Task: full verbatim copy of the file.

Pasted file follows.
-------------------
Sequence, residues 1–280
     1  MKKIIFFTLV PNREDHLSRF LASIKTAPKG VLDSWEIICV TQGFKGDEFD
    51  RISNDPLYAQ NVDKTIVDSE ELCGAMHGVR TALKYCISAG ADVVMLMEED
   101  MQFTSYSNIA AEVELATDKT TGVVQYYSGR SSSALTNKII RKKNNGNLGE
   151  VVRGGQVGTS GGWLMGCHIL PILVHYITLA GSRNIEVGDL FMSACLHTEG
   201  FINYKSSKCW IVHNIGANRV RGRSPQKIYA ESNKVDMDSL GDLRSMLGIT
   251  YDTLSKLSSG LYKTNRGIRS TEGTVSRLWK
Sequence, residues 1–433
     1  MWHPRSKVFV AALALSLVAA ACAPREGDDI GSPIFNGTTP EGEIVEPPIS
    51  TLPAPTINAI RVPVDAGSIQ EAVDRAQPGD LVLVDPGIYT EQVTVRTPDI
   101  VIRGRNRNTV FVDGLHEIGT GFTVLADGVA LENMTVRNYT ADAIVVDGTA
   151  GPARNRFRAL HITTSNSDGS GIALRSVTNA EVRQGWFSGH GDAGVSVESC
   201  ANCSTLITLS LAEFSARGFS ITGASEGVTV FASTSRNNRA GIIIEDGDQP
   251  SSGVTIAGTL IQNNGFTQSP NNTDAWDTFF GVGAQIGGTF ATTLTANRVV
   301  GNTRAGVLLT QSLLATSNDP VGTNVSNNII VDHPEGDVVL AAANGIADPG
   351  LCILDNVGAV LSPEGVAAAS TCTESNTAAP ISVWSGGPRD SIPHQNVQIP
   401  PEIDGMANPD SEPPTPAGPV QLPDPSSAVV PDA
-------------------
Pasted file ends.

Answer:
Sequence, residues 1–280
     1  MKKIIFFTLV PNREDHLSRF LASIKTAPKG VLDSWEIICV TQGFKGDEFD
    51  RISNDPLYAQ NVDKTIVDSE ELCGAMHGVR TALKYCISAG ADVVMLMEED
   101  MQFTSYSNIA AEVELATDKT TGVVQYYSGR SSSALTNKII RKKNNGNLGE
   151  VVRGGQVGTS GGWLMGCHIL PILVHYITLA GSRNIEVGDL FMSACLHTEG
   201  FINYKSSKCW IVHNIGANRV RGRSPQKIYA ESNKVDMDSL GDLRSMLGIT
   251  YDTLSKLSSG LYKTNRGIRS TEGTVSRLWK
Sequence, residues 1–433
     1  MWHPRSKVFV AALALSLVAA ACAPREGDDI GSPIFNGTTP EGEIVEPPIS
    51  TLPAPTINAI RVPVDAGSIQ EAVDRAQPGD LVLVDPGIYT EQVTVRTPDI
   101  VIRGRNRNTV FVDGLHEIGT GFTVLADGVA LENMTVRNYT ADAIVVDGTA
   151  GPARNRFRAL HITTSNSDGS GIALRSVTNA EVRQGWFSGH GDAGVSVESC
   201  ANCSTLITLS LAEFSARGFS ITGASEGVTV FASTSRNNRA GIIIEDGDQP
   251  SSGVTIAGTL IQNNGFTQSP NNTDAWDTFF GVGAQIGGTF ATTLTANRVV
   301  GNTRAGVLLT QSLLATSNDP VGTNVSNNII VDHPEGDVVL AAANGIADPG
   351  LCILDNVGAV LSPEGVAAAS TCTESNTAAP ISVWSGGPRD SIPHQNVQIP
   401  PEIDGMANPD SEPPTPAGPV QLPDPSSAVV PDA